Keauhou Bay in North Kona on Hawai‘i Island encompasses 54 acres of KS ‘āina and serves as a gathering place for kama‘āina and visitors alike, who enjoy the area’s rich cultural resources and ocean activities.
The rich history of Keauhou Bay includes the birth of Kauikeaouli, who would become Kamehameha III and Mō‘ī o Ke Aupuni ‘o Hawai‘i (ruler of the Kingdom of Hawai‘i) in 1814. Over the decades, the community of Keauhou would survive a series of tsunamis, expand its maritime access to receive shipped cattle on its shores, and grow to welcome new families and businesses to the area.
Today, Keauhou Bay is a popular spot for both kama‘āina and visitors who utilize the area for cultural heritage, commercial and recreational purposes. In 2019, Kamehameha Schools developed the Keauhou Bay Management Plan, a long-term management and land-use plan for the future use of its 54 acres, with mana‘o from the community. The proposal helps to manage the area’s high-demand and divergent uses by moving traffic and commercial operations away from culturally historic sites, reducing pressure on the bayfront's natural resources. The plan is currently moving through the County of Hawai‘i permitting process.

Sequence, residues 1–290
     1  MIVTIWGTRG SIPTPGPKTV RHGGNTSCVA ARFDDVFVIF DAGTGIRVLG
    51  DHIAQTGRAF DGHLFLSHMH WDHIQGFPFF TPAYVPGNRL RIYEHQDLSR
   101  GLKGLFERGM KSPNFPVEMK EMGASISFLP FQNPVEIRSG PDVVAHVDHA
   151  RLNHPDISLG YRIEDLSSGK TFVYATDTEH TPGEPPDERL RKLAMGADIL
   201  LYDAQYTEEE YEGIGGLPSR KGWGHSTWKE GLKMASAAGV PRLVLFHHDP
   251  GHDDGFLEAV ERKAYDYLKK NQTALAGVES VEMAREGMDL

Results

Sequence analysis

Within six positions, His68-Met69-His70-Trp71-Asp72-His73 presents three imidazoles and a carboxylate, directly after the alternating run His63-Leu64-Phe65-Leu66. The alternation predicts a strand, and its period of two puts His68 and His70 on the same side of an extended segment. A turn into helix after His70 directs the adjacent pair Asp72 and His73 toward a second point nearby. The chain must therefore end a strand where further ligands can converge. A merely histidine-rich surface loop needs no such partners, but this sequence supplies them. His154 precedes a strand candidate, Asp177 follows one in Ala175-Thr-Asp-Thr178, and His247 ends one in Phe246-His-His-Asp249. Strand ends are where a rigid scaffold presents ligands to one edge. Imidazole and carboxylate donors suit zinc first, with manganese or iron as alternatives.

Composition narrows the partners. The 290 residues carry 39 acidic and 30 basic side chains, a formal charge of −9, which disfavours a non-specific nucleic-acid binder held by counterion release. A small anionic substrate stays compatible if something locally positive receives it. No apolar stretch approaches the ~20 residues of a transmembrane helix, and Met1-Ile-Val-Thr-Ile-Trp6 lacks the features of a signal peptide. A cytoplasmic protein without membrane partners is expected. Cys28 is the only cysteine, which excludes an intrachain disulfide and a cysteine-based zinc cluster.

Travel back more than 200 years ago to discover the cultural heritage and historical significance of Keauhou Bay.